There was a squeal of brakes, a shout, a bang. He flung himself down to look.

Lyra was lying on the grass. A car had braked so hard that a van had struck it from behind, and knocked the car forward anyway, and there was Lyra, lying still—

Will darted through after her. No one saw him come; all eyes were on the car, the crumpled bumper, the van driver getting out, and on the little girl.

"I couldn't help it! She ran out in front," said the car driver, a middle-aged woman. "You were too close," she said, turning toward the van driver.

"Never mind that," he said. "How's the kid?"

The van driver was addressing Will, who was on his knees beside Lyra. Will looked up and around, but there was nothing for it; he was responsible. On the grass next to him, Lyra was moving her head about, blinking hard. Will saw the wasp Pantalaimon crawling dazedly up a grass stem beside her.

"You all right?" Will said. "Move your legs and arms."

"Stupid!" said the woman from the car. "Just ran out in front. Didn't look once. What am I supposed to do?"

"You still there, love?" said the van driver.

"Yeah," muttered Lyra.

"Everything working?"

"Move your feet and hands," Will insisted.

She did. There was nothing broken.

"She's all right," said Will. "I'll look after her. She's fine."

"D'you know her?" said the truck driver.

"She's my sister," said Will. "It's all right. We just live around the corner. I'll take her home."

Lyra was sitting up now, and as she was obviously not badly hurt, the woman turned her attention back to the car. The rest of the traffic was moving around the two stationary vehicles, and as they went past, the drivers looked curiously at the little scene, as people always do. Will helped Lyra up; the sooner they moved away, the better. The woman and the van driver had realized that their argument ought to be handled by their insurance companies and were exchanging addresses when the woman saw Will helping Lyra to limp away.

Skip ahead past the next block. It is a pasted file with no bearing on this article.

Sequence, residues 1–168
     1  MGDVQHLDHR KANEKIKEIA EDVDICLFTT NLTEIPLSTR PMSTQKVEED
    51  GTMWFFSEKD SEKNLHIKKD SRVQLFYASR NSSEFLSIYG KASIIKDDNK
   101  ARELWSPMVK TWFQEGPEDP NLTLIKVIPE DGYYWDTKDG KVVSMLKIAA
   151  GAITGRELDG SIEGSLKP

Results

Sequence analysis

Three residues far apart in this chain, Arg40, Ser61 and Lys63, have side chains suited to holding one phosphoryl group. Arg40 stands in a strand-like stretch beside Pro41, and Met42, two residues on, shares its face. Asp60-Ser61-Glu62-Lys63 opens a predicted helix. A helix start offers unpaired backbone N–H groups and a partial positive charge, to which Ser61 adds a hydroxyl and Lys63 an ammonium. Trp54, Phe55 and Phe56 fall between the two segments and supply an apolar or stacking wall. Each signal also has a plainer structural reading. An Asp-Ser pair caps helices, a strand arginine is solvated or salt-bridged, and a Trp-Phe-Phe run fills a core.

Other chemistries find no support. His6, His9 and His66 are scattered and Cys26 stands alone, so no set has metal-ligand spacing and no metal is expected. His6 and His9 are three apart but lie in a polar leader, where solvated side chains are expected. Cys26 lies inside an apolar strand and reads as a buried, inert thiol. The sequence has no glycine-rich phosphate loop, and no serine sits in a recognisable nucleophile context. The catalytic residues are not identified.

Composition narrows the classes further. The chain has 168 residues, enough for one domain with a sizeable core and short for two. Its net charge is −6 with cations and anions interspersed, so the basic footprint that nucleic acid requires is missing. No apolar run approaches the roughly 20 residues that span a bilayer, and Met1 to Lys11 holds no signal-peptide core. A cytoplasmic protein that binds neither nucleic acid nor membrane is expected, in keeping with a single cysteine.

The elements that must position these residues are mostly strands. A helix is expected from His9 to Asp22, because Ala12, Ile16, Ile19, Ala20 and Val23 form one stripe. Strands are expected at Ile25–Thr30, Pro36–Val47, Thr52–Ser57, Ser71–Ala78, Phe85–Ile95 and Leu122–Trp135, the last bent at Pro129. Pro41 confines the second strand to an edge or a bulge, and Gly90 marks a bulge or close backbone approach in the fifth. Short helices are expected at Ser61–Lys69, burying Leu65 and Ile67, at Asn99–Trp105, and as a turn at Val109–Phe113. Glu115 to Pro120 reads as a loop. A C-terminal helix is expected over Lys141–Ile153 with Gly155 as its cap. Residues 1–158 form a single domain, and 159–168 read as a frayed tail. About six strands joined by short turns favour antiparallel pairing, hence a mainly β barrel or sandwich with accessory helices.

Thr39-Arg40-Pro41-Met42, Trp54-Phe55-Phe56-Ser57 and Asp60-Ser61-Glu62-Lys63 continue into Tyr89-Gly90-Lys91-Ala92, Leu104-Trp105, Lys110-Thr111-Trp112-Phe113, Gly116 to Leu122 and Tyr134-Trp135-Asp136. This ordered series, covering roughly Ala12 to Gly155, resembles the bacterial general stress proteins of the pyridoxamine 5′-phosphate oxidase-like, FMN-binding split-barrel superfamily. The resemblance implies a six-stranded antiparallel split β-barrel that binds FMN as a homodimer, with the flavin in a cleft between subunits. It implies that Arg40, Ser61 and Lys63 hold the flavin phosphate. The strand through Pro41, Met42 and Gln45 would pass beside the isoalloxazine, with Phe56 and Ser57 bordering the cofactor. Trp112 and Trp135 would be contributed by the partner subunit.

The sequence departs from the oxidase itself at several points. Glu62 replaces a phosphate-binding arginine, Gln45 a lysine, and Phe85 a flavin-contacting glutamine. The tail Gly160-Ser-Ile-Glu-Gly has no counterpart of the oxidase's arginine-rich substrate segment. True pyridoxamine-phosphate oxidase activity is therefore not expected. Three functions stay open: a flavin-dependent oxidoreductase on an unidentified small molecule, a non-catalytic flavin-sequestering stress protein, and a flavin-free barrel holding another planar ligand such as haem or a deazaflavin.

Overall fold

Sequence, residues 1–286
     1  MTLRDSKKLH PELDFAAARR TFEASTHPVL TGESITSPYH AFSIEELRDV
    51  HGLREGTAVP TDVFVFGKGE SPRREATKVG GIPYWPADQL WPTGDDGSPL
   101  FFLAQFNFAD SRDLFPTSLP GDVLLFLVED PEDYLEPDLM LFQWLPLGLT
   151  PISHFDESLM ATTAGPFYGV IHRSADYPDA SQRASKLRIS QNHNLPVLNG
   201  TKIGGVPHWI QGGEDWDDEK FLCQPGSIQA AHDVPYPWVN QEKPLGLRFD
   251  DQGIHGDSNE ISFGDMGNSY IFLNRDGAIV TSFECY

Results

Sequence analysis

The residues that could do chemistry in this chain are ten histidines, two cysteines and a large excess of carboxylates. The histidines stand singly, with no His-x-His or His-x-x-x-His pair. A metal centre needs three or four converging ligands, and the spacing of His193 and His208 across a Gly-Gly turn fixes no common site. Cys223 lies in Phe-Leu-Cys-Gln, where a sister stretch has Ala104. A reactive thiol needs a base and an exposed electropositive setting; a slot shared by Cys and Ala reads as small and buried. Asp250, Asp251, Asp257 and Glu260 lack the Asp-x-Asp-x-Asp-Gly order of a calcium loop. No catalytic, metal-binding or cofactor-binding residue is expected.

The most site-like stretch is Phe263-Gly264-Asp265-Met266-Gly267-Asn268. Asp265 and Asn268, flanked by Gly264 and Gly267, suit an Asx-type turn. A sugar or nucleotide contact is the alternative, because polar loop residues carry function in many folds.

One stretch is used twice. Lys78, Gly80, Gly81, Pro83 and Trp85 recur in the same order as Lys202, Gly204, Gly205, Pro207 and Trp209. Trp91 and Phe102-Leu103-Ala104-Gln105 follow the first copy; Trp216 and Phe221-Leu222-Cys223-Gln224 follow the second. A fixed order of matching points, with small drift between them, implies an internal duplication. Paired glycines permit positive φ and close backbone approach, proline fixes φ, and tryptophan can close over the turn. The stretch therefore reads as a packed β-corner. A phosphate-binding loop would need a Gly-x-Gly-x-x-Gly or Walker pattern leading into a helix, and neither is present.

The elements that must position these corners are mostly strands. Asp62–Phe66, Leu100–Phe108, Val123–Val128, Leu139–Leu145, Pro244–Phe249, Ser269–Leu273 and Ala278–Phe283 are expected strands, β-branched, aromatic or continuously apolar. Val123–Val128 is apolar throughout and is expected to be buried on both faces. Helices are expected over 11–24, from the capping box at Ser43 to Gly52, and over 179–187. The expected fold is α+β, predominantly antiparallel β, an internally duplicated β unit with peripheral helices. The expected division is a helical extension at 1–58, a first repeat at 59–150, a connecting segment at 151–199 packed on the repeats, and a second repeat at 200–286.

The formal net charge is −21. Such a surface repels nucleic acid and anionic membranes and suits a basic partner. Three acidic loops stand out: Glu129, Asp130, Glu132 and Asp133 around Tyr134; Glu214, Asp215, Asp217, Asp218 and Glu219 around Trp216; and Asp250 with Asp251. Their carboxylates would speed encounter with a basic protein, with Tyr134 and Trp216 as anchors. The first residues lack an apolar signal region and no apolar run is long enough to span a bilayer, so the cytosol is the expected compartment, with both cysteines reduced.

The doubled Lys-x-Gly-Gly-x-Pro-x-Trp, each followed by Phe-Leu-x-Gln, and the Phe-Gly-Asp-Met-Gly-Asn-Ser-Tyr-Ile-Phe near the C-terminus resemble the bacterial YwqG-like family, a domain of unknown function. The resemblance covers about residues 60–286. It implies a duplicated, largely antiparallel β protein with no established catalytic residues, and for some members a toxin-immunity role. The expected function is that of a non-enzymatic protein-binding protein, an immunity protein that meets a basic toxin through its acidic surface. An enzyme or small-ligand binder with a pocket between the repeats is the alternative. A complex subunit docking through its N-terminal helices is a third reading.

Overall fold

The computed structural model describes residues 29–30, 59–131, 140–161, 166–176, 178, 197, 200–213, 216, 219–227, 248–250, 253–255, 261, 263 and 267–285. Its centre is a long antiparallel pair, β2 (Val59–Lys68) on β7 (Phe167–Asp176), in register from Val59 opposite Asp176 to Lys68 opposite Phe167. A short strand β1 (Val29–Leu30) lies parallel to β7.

"Wait!" she called. "You'll be witnesses. I need your name and address."

"I'm Mark Ransom," said Will, turning back, "and my sister's Lisa. We live at twenty-six Bourne Close."


"I can never remember," he said. "Look, I want to get her home."

"Hop in the cab," said the van driver, "and I'll take you round."

"No, it's no trouble. It'd be quicker to walk, honest."

Lyra wasn't limping badly. She walked away with Will, back along the grass under the hornbeam trees, and turned at the first corner they came to.

They sat on a low garden wall.

"You hurt?" Will said.

"Banged me leg. And when I fell down, it shook me head," she said.

But she was more concerned about what was in the rucksack. She felt inside it, brought out a heavy little bundle wrapped in black velvet, and unfolded it. Will's eyes widened to see the alethiometer; the tiny symbols painted around the face, the golden hands, the questing needle, the heavy richness of the case took his breath away.

"What's that?" he said.

"It's my alethiometer. It's a truth teller. A symbol reader. I hope it en't broken. . . ."

But it was unharmed. Even in her trembling hands the long needle swung steadily. She put it away and said, "I never seen so many carts and things. I never guessed they was going so fast."

"They don't have cars and vans in your Oxford?"

"Not so many. Not like these ones. I wasn't used to it. But I'm all right now."

"Well, be careful from now on. If you go and walk under a bus or get lost or something, they'll realize you're not from this world and start looking for the way through. . . ."